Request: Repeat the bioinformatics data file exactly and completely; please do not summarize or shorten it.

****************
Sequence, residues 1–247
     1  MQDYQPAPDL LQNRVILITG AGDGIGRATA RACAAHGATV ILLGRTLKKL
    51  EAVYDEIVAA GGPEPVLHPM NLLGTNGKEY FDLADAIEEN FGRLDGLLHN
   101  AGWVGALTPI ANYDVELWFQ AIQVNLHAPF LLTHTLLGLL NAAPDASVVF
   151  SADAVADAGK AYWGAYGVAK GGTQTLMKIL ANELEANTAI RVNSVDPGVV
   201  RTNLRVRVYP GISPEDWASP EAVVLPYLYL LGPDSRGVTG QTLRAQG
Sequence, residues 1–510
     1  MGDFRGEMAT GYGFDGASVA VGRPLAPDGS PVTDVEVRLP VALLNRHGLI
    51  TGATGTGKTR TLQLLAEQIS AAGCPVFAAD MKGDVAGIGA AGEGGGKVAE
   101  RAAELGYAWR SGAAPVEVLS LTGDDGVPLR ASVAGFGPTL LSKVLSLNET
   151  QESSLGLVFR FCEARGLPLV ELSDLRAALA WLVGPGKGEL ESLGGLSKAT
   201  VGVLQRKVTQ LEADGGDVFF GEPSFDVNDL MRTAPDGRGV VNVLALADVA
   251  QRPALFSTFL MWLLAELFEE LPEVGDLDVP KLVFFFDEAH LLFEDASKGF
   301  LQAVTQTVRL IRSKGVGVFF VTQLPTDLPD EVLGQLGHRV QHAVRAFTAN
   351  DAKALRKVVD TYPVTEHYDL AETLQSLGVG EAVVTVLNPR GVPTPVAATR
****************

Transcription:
Sequence, residues 1–247
     1  MQDYQPAPDL LQNRVILITG AGDGIGRATA RACAAHGATV ILLGRTLKKL
    51  EAVYDEIVAA GGPEPVLHPM NLLGTNGKEY FDLADAIEEN FGRLDGLLHN
   101  AGWVGALTPI ANYDVELWFQ AIQVNLHAPF LLTHTLLGLL NAAPDASVVF
   151  SADAVADAGK AYWGAYGVAK GGTQTLMKIL ANELEANTAI RVNSVDPGVV
   201  RTNLRVRVYP GISPEDWASP EAVVLPYLYL LGPDSRGVTG QTLRAQG
Sequence, residues 1–510
     1  MGDFRGEMAT GYGFDGASVA VGRPLAPDGS PVTDVEVRLP VALLNRHGLI
    51  TGATGTGKTR TLQLLAEQIS AAGCPVFAAD MKGDVAGIGA AGEGGGKVAE
   101  RAAELGYAWR SGAAPVEVLS LTGDDGVPLR ASVAGFGPTL LSKVLSLNET
   151  QESSLGLVFR FCEARGLPLV ELSDLRAALA WLVGPGKGEL ESLGGLSKAT
   201  VGVLQRKVTQ LEADGGDVFF GEPSFDVNDL MRTAPDGRGV VNVLALADVA
   251  QRPALFSTFL MWLLAELFEE LPEVGDLDVP KLVFFFDEAH LLFEDASKGF
   301  LQAVTQTVRL IRSKGVGVFF VTQLPTDLPD EVLGQLGHRV QHAVRAFTAN
   351  DAKALRKVVD TYPVTEHYDL AETLQSLGVG EAVVTVLNPR GVPTPVAATR